For some time now, we’ve been begging the Nuggets to watch what the Spurs are doing, then do that as much as possible. This means seeking out international talent and finding multi-skilled and interchangeable players in a league that’s become all about athleticism and three-point shooting. Thursday night’s NBA Draft showed how definitively they’ve headed down this path. (Not that we’re taking sole credit for that; every smart team is the league is trying to emulate the Spurs and Warriors these days.)

Despite having a boatload of tradable assets, the Nuggets stuck to drafting on Thursday night, and now they’ll need a bigger boat. That’s because their haul included several new guys who could, in time, make some of their older guys expendable. The term “older” is relative, as none of the five players the Nuggets landed has turned 21 yet, while core holdovers Emmanuel Mudiay, Nikola Jokic, Gary Harris, and Jusuf Nurkic are all 21 or younger.

The upshot: In Danilo Gallinari, Wilson Chandler, Will Barton, and Kenneth Faried, the team has a fine selection of veteran mentors who can help these youngsters mature and learn the NBA game while also being attractive trade chips to anyone who’s closer to contending. And with three of the Nuggets’ five draft picks having international backgrounds, the franchise’s front office solidified its growing rep for being a savvy evaluator of foreign talent. Here’s how their haul stacks up.

7th overall pick: Jamal Murray, SG, Kentucky

For the second straight year, the Nuggets get a guy at the 7-slot that many people thought could go as high as 3rd. Murray hit 113 three-pointers as a freshman last season, the highest such total for a first-year college player since some guy named Steph Curry. He’s considered the perfect complement to Mudiay because of his finesse and ball skills. He’s also Canadian, which means A) He might be easier to hold onto after his rookie contract expires, because B) He shouldn’t mind the Colorado winters or be longing for the coasts.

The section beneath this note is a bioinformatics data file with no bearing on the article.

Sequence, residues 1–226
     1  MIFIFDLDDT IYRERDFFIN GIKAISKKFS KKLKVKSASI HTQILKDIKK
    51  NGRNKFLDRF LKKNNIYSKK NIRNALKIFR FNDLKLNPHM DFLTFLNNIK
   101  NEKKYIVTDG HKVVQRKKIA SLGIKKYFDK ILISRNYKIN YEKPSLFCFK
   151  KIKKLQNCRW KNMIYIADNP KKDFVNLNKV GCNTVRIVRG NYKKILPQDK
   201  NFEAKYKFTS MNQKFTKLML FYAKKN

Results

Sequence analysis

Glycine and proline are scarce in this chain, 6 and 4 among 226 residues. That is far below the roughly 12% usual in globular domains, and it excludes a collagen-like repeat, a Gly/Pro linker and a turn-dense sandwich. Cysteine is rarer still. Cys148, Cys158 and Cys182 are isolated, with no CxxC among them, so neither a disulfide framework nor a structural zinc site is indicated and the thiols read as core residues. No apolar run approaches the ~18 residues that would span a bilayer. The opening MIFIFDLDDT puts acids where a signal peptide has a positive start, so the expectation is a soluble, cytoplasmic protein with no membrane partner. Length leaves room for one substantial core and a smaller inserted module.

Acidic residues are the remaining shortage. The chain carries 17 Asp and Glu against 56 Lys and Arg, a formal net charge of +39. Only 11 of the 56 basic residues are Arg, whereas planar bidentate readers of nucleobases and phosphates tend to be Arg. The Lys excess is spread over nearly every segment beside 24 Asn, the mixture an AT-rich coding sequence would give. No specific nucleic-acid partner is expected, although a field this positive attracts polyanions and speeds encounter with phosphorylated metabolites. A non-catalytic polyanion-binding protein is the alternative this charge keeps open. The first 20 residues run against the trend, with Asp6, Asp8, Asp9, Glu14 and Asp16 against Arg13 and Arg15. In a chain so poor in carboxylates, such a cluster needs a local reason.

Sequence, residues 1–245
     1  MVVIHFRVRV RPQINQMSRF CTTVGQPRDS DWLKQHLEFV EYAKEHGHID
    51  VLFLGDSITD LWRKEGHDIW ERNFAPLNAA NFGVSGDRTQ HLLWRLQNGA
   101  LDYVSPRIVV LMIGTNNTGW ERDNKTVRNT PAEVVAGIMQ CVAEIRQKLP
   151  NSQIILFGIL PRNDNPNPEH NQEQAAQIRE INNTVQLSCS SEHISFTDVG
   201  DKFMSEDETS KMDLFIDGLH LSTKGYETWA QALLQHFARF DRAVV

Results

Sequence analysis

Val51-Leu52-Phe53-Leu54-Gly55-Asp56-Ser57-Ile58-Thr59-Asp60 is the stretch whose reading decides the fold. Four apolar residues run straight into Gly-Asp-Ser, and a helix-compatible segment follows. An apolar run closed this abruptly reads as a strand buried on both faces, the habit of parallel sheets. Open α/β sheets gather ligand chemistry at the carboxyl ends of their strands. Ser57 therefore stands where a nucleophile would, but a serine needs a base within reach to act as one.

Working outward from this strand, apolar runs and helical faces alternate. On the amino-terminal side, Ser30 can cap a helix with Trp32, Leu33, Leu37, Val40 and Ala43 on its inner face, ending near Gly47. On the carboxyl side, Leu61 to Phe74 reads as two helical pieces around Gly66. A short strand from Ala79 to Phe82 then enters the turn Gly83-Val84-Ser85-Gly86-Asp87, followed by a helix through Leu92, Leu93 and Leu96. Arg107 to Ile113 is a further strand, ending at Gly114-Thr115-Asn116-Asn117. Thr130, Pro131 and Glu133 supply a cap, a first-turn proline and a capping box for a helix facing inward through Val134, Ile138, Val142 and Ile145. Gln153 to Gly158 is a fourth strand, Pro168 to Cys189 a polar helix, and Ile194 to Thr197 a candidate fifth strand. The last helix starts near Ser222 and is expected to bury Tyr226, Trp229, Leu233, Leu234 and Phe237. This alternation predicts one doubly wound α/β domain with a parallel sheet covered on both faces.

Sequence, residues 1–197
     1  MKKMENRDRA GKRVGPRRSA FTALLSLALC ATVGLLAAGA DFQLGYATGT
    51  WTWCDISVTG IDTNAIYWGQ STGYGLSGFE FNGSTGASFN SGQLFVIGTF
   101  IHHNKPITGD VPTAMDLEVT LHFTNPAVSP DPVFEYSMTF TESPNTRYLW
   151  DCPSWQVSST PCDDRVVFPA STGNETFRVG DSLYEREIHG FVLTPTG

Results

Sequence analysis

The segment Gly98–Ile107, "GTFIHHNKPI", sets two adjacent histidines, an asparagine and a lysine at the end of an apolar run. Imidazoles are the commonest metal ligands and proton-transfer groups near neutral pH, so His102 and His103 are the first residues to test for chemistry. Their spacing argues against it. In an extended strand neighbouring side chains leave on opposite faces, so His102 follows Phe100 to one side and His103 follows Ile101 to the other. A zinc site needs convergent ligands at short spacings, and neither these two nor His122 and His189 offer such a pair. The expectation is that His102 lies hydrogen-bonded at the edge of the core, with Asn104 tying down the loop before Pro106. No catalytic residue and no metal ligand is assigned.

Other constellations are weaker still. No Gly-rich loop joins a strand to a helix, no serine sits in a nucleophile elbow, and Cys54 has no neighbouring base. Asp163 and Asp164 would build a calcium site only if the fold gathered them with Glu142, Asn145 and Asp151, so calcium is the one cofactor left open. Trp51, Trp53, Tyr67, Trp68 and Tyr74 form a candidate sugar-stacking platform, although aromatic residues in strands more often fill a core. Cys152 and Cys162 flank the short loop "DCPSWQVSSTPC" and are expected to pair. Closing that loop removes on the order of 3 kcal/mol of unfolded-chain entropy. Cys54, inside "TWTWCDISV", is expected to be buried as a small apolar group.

15: Juan Hernangomez, PF, Spain

The type of stretch-4 that’s in extremely high demand these days, he’s seen as a seamless fit between Jokic and Nurkic, and he’ll be under the tutelage (for now, at least) of an almost ideal mentor in Gallinari. Not only that, although the original wave of international players was considered to be relatively soft, today’s version of these exports are often lauded for their toughness (because they’ve played in increasingly gritty and deep overseas professional leagues), and Hernangomez is known for his mean streak. The main question is whether he joins the team right away or is a “draft-and-stash” prospect who’ll arrive next year.

19: Malik Beasley, SG, Florida State

A stress fracture in his shin caused this lottery-level talent to slip a bit, but he’s considered to be one of the three best shooters in this draft, along with Murray and Buddy Hield. Although he could be considered redundant given the depth the Nuggets now have at guard, the team was among the worst in the league from 3 last year, and the Nuggets’ first three picks will help remedy that.

53: Petr Cornelie, PF, France

A likely draft-and-stasher and another stretch-4, Cornelie’s length, range, and athleticism make him an intriguing prospect once he adds some strength and experience.

56: Daniel Hamilton, SF, UConn

A streaky shooter and so-so athlete who will rely on his above-average rebounding and playmaking abilities to try and make the roster. But he’s a project and a long shot, even for a lottery team.